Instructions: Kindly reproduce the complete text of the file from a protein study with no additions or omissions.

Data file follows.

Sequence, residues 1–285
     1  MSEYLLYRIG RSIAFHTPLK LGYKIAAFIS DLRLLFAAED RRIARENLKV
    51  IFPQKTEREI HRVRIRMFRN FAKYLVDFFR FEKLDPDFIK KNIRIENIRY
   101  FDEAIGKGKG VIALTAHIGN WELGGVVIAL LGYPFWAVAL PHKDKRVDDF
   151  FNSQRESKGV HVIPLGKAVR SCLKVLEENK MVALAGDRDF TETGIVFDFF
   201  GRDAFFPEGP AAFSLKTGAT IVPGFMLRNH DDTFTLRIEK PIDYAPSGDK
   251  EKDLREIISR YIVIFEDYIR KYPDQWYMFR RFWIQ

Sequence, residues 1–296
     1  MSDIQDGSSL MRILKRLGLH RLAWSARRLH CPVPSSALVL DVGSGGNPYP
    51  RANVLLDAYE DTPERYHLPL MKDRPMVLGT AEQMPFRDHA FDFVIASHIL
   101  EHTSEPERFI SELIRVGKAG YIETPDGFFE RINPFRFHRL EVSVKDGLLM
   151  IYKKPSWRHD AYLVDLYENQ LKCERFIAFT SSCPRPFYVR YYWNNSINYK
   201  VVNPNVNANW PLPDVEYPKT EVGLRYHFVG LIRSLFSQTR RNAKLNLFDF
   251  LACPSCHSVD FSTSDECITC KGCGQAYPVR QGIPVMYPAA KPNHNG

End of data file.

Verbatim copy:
Sequence, residues 1–285
     1  MSEYLLYRIG RSIAFHTPLK LGYKIAAFIS DLRLLFAAED RRIARENLKV
    51  IFPQKTEREI HRVRIRMFRN FAKYLVDFFR FEKLDPDFIK KNIRIENIRY
   101  FDEAIGKGKG VIALTAHIGN WELGGVVIAL LGYPFWAVAL PHKDKRVDDF
   151  FNSQRESKGV HVIPLGKAVR SCLKVLEENK MVALAGDRDF TETGIVFDFF
   201  GRDAFFPEGP AAFSLKTGAT IVPGFMLRNH DDTFTLRIEK PIDYAPSGDK
   251  EKDLREIISR YIVIFEDYIR KYPDQWYMFR RFWIQ

Sequence, residues 1–296
     1  MSDIQDGSSL MRILKRLGLH RLAWSARRLH CPVPSSALVL DVGSGGNPYP
    51  RANVLLDAYE DTPERYHLPL MKDRPMVLGT AEQMPFRDHA FDFVIASHIL
   101  EHTSEPERFI SELIRVGKAG YIETPDGFFE RINPFRFHRL EVSVKDGLLM
   151  IYKKPSWRHD AYLVDLYENQ LKCERFIAFT SSCPRPFYVR YYWNNSINYK
   201  VVNPNVNANW PLPDVEYPKT EVGLRYHFVG LIRSLFSQTR RNAKLNLFDF
   251  LACPSCHSVD FSTSDECITC KGCGQAYPVR QGIPVMYPAA KPNHNG